In a country where new cars are taxed at 180% and gasoline costs about $6.50 a gallon, bicycles are bound to be popular. The fact that Denmark is relatively flat helps, as does the fact that the climate is relatively temperate.
Make no mistake, though: in the dead of winter, you’ll see Danish commuters pumping their bikes through the snow drifts. In Copenhagen, bike lanes are plowed first, before the area for cars.
Biking is so much a part of Danish life that the government has special programs to teach immigrants from non-Western countries how to bicycle. Apparently it also teaches them good manners in bike lanes; at any rate, immigrants tend to have far better cycling manners than native-born Danes.
For Danes, urban bike lanes are the last refuge of the vicious Viking. The gentle blonde people who smile when you bump them on the train will, once armed with a bike, push you out of the way and occasionally out into traffic, scream abuse at you, and ring their tiny bicycle bells dozens of times if they sense you are holding up their all-important journey to the supermarket.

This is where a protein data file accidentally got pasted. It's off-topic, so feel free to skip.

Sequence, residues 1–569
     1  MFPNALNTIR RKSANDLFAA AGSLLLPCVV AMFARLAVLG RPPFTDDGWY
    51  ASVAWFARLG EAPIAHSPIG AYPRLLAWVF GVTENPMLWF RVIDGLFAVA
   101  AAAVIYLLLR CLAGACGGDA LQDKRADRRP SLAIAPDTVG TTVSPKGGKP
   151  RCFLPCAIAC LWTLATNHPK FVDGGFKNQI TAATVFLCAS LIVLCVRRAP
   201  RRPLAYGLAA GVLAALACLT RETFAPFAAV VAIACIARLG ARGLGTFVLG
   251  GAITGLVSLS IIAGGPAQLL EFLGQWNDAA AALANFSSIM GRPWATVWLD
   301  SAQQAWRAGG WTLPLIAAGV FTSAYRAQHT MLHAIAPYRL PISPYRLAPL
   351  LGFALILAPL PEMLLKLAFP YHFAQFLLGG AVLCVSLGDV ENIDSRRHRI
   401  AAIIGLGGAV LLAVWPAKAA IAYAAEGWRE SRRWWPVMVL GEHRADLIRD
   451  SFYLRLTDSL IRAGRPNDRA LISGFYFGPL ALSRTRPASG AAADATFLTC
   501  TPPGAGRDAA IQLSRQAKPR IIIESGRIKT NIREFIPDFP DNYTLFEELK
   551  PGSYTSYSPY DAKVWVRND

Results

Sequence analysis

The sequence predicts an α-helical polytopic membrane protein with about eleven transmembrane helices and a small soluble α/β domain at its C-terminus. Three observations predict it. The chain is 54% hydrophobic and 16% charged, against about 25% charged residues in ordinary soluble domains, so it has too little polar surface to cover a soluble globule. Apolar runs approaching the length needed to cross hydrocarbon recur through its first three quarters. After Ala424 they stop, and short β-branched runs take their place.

Danish cyclists are also prone to texting, grooving to invisible music through giant headphones, and intentionally going the wrong direction in the bike lanes if it will make their trip a bit shorter.
The police hold cyclist raids every once in a while and issue dozens, if not hundreds, of DK750 tickets.